Why Kenya must introduce tougher rules on wildlife conservation
Government must act fast to avert complete extinction of some species
By Ben Oduor
On April 30, a rainy Saturday afternoon, heads of state, United Nations officials, conservationists from around the globe, businesspersons, politicians and the world press gathered at the Kenya Wildlife Service (KWS) headquarters in Nairobi to witness a historic burning of 105 tonnes of ivory.
Kenya’s President Uhuru Kenyatta led the delegation in setting ablaze poached tusks, eight times more than have ever been destroyed at once in history, in a bid to show his commitment to ending the illegal trade.
Addressing the crowd during the ceremony, President Kenyatta said Kenya was making clear its stand on ending the illegal trade.
“Kenya is making a statement that, for us, ivory is worthless unless it is on our elephants,” he said
Echoing his sentiments, KWS Director-General Kitili Mbathi said before the ceremony: “We are doing this to send a message that there is no intrinsic value in ivory, there is only value in elephants. Anybody who owns ivory should be ashamed of themself. Do not buy ivory.”
Huge losses, few charges
However, addressing a separate gathering in Meru County, Kenya’s opposition leader Raila Odinga accused the government of hoodwinking citizens by burning illegal ivory yet the poachers were not charged.
“Which poachers have they put behind bars? What is the essence of burning illegal ivory if it (Jubilee administration) can’t arrest the poachers?” he asked.
The African elephant faces extinction due to mass poaching fuelled by demand for illicit ivory, mainly in Asian markets. Around 30,000 elephants are killed every year across the continent — a rate of slaughter that sources predict could bring about extinction within two decades.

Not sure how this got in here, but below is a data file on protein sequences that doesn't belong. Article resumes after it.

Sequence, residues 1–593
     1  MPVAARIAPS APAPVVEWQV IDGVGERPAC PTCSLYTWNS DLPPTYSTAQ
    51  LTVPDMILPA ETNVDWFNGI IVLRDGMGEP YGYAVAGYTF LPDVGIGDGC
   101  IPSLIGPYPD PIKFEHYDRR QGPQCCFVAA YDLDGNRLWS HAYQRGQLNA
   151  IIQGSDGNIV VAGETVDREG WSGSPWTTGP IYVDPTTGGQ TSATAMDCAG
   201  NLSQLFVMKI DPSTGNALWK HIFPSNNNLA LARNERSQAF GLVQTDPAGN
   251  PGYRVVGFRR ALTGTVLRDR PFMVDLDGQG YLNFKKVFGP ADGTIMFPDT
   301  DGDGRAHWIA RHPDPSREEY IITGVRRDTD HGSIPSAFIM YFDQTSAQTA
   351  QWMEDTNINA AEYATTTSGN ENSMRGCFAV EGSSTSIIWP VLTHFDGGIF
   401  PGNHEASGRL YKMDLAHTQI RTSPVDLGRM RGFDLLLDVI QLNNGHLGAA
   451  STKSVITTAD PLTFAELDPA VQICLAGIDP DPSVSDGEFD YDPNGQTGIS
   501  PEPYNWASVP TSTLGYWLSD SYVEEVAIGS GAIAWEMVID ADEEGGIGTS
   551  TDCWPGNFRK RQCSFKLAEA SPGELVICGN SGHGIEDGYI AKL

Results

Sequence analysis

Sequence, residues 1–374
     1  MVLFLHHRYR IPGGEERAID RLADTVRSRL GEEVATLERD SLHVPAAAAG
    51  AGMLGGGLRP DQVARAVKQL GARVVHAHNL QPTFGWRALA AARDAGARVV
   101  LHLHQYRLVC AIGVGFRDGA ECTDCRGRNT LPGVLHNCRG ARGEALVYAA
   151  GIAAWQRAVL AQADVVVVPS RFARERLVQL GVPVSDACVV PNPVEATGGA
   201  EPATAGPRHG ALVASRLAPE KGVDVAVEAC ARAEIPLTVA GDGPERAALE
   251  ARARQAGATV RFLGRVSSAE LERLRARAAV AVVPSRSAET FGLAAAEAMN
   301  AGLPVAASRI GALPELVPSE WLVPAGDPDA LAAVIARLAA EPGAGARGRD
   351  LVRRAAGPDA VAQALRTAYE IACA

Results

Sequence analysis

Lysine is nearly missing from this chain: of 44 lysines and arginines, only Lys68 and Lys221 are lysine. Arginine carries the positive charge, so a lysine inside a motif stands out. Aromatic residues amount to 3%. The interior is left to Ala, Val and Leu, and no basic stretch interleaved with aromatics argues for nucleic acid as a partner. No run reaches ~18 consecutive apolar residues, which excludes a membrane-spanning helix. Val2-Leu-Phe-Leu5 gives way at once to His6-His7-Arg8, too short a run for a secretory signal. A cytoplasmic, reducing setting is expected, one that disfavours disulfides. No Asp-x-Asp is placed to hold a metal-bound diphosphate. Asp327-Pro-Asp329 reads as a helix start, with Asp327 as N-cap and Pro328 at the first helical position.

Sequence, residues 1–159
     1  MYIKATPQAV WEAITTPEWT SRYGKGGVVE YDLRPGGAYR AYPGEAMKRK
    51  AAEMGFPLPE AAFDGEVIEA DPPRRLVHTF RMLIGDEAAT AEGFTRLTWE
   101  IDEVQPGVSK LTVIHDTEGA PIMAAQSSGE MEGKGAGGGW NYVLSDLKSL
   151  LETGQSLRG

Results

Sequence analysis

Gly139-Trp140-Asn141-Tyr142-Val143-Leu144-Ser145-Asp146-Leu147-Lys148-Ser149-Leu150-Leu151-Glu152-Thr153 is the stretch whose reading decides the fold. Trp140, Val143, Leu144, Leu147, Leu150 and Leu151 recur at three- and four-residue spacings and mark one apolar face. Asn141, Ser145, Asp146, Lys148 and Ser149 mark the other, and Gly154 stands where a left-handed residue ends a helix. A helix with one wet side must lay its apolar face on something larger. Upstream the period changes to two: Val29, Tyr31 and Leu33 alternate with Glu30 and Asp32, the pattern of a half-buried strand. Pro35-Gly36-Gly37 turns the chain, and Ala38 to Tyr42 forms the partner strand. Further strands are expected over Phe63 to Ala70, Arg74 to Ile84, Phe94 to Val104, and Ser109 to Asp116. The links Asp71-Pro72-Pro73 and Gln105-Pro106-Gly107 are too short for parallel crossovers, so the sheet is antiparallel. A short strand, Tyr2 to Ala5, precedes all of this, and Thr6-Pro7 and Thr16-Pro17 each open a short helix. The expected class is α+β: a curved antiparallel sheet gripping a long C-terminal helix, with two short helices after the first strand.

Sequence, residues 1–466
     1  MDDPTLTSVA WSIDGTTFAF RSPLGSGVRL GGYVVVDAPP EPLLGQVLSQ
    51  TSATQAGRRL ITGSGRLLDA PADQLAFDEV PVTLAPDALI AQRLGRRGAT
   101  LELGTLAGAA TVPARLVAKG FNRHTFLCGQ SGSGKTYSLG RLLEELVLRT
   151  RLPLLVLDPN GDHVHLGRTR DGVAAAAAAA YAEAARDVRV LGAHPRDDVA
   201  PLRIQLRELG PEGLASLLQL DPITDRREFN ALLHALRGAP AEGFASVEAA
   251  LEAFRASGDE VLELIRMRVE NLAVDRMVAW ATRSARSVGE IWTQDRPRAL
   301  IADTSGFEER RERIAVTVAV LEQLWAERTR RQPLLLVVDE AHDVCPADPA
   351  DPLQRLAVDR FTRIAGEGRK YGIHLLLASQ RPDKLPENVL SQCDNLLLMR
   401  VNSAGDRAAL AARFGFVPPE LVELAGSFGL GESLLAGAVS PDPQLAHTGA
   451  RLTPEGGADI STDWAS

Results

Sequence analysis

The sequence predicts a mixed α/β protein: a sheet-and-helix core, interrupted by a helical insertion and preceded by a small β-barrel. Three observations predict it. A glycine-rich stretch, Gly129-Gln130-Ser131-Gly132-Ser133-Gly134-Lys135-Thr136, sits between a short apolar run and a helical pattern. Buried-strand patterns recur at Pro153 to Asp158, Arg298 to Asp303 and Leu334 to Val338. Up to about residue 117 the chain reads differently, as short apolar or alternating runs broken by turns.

According to KWS, the 12 ivory towers that were set ablaze were elephant tusks and rhino horns from more than 8,000 elephants and 343 rhinos, estimated to cost more than $172 million (Ksh17.3 billion).
Poaching Facts, an organisation dedicated to uncovering and disclosing facts of wildlife trade, says in a 2013 report that KWS announced that 302 elephants were lost to poaching and a census it carried out that year noted a steady growth to 1,940, a number that was reduced by poachers as Kenya lost 137 elephants and 24 rhinoceros the following year.
The group further says that Kenyan authorities reported that government-held stockpiles had 25,052 pieces of ivory weighing 137,679 kg, which included raw elephant ivory from elephants which died of natural and unnatural causes as well as ivory recovered by other agencies from poachers, traffickers, and raw and worked ivory originating from inside and outside the country.
The Convention on International Trade in Endangered Species (CITES) in 1989 banned commercial trade in African elephant ivory, but has since permitted one-off sales, a move that has increased poaching in Africa, and campaigned against by African heads of state who want a total ban.
A BBC feature Uncovering China’s illegal ivory trade reports that there are around 150 legal, government-licensed ivory shops in China — the only ones allowed to sell ivory to individual buyers in the country.